I was born and raised in Dakar, Senegal and moved to the United States for high school and college. Upon graduating from Northwestern University, I moved to Dubai and worked as a Management Consultant. I spent five years working with clients across the Middle East and Africa. While working in Nigeria, I realized that I had much more to learn about doing business in my home region. 

I applied to Harvard Business School because I thought I would gain skills in finance and management, as well as gain access to an alumni network that would help me launch a business career in Africa. 

Arriving at HBS, I was concerned that our classes might not be relevant to the African context – and that I would need to find some other way of learning more about the continent and issues I cared about. 

Thankfully, I could apply the lessons from HBS classes to challenges that I expected to face in my career. 

It is true that many cases we study take place in developed economies. But what I remember about those cases are lessons for how to make business decisions that apply anywhere. There were many moments where I felt “this is definitely a situation I experienced when I was working in Africa.” 

For example, in my first semester Technology and Operations Management class where we studied a New Zealand yacht racing case, I used my experience from doing a churn reduction model for a South African Telecom operator to recommend whether the protagonist should test one or two boats at a time. During business school I found the key is to stay connected to the continent and its realities, and to critically think about the relevance of each case in the African context.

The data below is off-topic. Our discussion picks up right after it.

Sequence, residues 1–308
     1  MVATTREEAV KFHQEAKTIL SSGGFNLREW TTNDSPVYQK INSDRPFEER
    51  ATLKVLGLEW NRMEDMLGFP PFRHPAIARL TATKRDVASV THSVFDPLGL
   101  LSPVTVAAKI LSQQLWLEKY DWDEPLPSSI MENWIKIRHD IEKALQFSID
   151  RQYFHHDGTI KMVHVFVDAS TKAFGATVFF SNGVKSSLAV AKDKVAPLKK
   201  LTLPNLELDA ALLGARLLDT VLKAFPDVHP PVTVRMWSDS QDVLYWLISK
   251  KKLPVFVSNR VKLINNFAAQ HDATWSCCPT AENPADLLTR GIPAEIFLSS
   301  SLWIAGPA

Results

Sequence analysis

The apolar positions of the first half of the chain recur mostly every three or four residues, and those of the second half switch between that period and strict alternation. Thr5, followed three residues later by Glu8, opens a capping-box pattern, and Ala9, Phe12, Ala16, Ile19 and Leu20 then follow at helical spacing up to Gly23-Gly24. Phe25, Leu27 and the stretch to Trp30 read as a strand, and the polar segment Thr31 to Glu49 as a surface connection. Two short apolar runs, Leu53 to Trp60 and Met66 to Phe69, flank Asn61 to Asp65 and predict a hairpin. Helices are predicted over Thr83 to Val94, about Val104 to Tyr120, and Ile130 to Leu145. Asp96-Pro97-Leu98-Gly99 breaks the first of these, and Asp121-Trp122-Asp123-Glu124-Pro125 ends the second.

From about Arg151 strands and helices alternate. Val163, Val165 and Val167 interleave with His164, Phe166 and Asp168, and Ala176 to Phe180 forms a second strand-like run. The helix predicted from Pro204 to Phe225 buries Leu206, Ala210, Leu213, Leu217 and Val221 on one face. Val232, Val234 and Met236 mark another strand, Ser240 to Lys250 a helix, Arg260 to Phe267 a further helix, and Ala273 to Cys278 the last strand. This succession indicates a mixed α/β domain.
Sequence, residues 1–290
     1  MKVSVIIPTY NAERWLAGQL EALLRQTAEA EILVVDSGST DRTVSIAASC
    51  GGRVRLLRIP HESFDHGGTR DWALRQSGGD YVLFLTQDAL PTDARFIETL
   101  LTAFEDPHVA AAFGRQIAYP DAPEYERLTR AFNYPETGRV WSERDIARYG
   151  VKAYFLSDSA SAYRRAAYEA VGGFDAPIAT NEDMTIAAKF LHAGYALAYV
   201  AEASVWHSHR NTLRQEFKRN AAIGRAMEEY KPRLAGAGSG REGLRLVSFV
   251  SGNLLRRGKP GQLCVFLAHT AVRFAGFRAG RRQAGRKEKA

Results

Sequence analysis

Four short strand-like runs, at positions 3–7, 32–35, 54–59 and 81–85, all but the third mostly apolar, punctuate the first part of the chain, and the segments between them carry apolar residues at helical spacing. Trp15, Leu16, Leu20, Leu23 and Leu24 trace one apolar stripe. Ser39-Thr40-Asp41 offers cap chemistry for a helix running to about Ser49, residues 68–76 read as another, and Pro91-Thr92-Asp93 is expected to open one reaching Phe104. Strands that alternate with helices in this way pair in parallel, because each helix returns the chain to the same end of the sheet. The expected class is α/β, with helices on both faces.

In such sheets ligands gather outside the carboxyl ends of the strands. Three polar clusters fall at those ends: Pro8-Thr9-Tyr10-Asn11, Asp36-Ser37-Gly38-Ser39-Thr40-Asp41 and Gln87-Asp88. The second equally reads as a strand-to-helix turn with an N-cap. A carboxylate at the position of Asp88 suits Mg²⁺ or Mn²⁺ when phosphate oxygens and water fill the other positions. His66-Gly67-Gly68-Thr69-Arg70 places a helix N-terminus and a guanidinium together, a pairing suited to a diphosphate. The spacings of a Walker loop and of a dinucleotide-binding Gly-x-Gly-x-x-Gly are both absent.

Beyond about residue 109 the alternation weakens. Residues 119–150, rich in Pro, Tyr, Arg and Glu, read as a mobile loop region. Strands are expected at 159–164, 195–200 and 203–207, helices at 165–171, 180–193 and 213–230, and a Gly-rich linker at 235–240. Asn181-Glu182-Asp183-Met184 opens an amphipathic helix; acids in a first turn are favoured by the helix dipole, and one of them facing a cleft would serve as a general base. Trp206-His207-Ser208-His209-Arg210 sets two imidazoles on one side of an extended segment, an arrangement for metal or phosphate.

Additionally, I learned a lot more about Africa while at HBS than I expected to. Through trips, student organizations, and class projects, I obtained both practical and theoretical understanding of the challenges and opportunities on the continent.

In my first year, I traveled to Morocco for my FIELD Global Immersion and learned about doing business there through a mixture of research and an on the ground client project. Our team spent several days in Casablanca interviewing local consumers about their furniture shopping experience and helped the client create a strategy to compete against IKEA in Morocco. 

This experience allowed me to learn about the country, its culture, business environment, and its similarities and differences with Senegal. I also co-led a trek to Namibia with a Namibian classmate and we took 75 HBS students and partners there during spring break. We got to meet the First Lady of Namibia, business leaders, and traveled across the scenic country. For many people, it was their first time on the continent and the trip allowed them to see the country from a local’s perspective. 

In my second year, I worked with classmates on projects ranging from solar energy in Kenya and Tanzania, to an economic development plan of Ethiopia, to a real estate business plan in Senegal. 

The community for Africans at HBS also congregates in the Africa Business Club. It boasts over 100 committed members who are passionate about the continent. The club also puts together the annual African Business Conference, the largest student-run conference on campus, attended by ~1,400 participants every year. As a student, I was very involved with ABC and the Conference. 

In my second year, I had the chance to lead the New Venture Competition. We selected 10 finalists to pitch during the Conference and awarded $15,000 in cash prizes. This experience allowed me to meet so many inspiring entrepreneurs from the continent and provided a tremendous networking opportunity as well. 

HBS has changed the way I perceive my home. Although I had long identified as Senegalese, I am now more comfortable considering myself pan-African. I met and worked with classmates from multiple geographies and cultures in Africa, and I now feel more prepared to play a role in the future of my own country and region. 

So, to any prospective African students who are concerned about applying to HBS, I recommend to visit a class, attend a local HBS sponsored event or webinar, and connect with current students and alumni. Then determine for HBS is a good fit for you and just go for it.